Shipwreck trails: a different way to discover SA’s beautiful coast

Like the lighthouses that failed to save them from disaster, shipwrecks have a strange kind of lure for many. While there’s something nostalgic and romantic about lighthouses, with shipwrecks it’s perhaps more the history, tragedy, or evidence of nature’s awesome power that draws one.

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Plus of course the awesome scenery. With a coastline of almost 3,000km and sections of our coast bearing names like Cape of Storms, Wild Coast and Danger Point, there are bound to be many shipwrecks along this coast…in fact some 3,000 of them. That’s one for every kilometre of coastline. Following the trail of shipwrecks can be a fascinating experience.

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Following the trail of shipwrecks along South Africa’s rugged and dramatic coast, opens up an entirely new world of exploration and discovery through hiking trails, 4X4 trails, kayaking and diving excursions. There are also museums containing exhibits, pictures and the stories of many of these unfortunate ships. Whichever way one chooses to explore the coast in search of these stricken vessels, it will take you to locations entirely off the beaten path, along some of the most beautiful stretches of our coast. These trails will unlock places and bits of history few of us probably know about, while you might even find a washed-up old gold coin or two.

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The shipwreck trails will lead you to some of the more famous wreck sites, like that of the Grosvenor, the Arniston, HMS Birkenhead, the Joanna, the Nolloth, the Waterloo, the Clan Stuart, the Waratah, the Oceanos, the Seafarer, the Santo Alberto, and many others. But they will also take you to some lesser known ones, yet with equally fascinating tales of disaster, heroism or treasures attached. In fact, quite a number of shipwrecks still jealously guard the whereabouts of the fabulous treasures they are known to have had on board when they went down. Some shipwrecks have never been found despite the approximate locations of their demise being known.

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It is easy to obtain a list of shipwrecks and some maps by searching online, and go off wreck-hunting on your own. Or you could let informed guides take you on any one of number of shipwreck trails. There are shipwreck hiking trails like the Cape Point Shipwreck Trail, the Diamond Coast Shipwreck Eco- Trail, the Cape Agulhas Shipwreck Hiking Trail, the Thomas T Tucker Shipwreck Trail, the Port Alfred Shipwreck Hiking and Canoe Trail, the Sandy Bay Shipwreck Hiking Trail, among more. Lists of shipwrecks and their locations dating back to the 1500s are available. All of these trails can be combined with excellent hikes in nature and marine reserves. One of the more beautiful hikes is along the Wild Coast, Eastern Cape, along a route from the Kei River mouth, past the well-known Trennery’s Hotel to where the wreck of the Jacaranda suddenly looms. The Wild Coast is also home to numerous other wrecks, such as the Grosvenor.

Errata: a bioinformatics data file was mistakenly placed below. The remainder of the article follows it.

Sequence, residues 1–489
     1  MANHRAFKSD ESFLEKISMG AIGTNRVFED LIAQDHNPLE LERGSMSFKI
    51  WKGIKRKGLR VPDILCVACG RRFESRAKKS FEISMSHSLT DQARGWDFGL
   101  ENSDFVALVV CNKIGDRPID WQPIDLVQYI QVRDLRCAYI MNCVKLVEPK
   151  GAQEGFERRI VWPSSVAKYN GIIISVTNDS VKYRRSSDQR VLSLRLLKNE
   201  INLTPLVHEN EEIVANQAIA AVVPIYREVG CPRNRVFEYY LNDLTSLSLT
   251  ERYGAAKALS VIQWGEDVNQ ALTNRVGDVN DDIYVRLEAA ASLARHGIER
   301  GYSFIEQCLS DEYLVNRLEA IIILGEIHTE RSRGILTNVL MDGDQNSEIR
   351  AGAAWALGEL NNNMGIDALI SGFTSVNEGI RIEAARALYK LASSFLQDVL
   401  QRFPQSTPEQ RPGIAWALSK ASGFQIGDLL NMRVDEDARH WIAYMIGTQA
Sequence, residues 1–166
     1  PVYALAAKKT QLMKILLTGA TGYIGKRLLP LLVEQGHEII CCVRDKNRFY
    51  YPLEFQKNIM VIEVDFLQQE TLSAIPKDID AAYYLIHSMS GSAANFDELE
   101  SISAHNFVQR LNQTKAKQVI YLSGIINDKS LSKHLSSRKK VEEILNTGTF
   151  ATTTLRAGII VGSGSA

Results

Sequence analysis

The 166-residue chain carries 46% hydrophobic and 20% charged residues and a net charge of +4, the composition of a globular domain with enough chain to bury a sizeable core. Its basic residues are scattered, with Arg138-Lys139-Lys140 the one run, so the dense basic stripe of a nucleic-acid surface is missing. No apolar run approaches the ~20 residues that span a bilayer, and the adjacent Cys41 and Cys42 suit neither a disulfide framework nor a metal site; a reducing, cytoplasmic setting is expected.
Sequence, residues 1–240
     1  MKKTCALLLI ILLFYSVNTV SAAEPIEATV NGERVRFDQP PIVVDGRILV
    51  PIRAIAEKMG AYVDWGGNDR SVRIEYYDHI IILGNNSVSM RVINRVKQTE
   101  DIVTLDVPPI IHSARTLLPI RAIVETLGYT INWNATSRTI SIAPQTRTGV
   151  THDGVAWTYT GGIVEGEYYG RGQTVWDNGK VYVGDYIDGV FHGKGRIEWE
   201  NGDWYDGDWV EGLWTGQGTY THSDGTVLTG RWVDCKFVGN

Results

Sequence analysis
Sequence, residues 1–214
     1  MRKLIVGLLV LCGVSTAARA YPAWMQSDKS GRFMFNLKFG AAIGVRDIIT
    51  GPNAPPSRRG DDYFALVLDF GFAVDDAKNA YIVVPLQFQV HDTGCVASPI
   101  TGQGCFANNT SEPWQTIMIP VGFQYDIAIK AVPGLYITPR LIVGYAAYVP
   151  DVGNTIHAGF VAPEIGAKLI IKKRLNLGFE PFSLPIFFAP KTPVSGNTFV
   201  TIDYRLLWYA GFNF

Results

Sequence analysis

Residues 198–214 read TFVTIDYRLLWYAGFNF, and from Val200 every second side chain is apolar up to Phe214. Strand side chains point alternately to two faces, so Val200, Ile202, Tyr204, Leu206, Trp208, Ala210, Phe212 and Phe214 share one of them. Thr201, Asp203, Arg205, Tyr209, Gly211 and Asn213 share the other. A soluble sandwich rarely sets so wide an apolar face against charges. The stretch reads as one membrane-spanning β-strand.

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A number of diving operators in coastal cities and resorts take scuba and snorkel divers to wreck sites where they can explore some of the best preserved wrecks. Within the Cape Peninsula there are literally hundreds of wrecks on which to dive. From Smitswinkel Bay to Glencairn and Miller’s Point, you can dive on well-known wrecks like the Maori, Astor, Katzu Maru, Pietermaritzburg and the Clan Stuart. Against the magnificent backdrop of the Knysna Heads on the Garden Route you can dive on Paquita, a German vessel that sank on the eastern side of the Knysna Heads in 1903. At Port Elizabeth you can dive on the wreck of the Haerlem. In fact there are wreck diving sites on just about any part of the coast between Port Nolloth on the upper West Coast and Kosi Bay on the northern KwaZulu-Natal coast.

Several maritime, shipwreck and other museums located in coastal towns and cities have fascinating displays and histories of many of these shipwrecks, complete with salvaged pieces of the wrecks, artefacts and cargo. Among these are the Maritime Services Museum at the V&A Waterfront in Cape Town, the Shipwreck Museum in Bredasdorp, the Mossel Bay Maritime Museum, and a section of the East London Museum.

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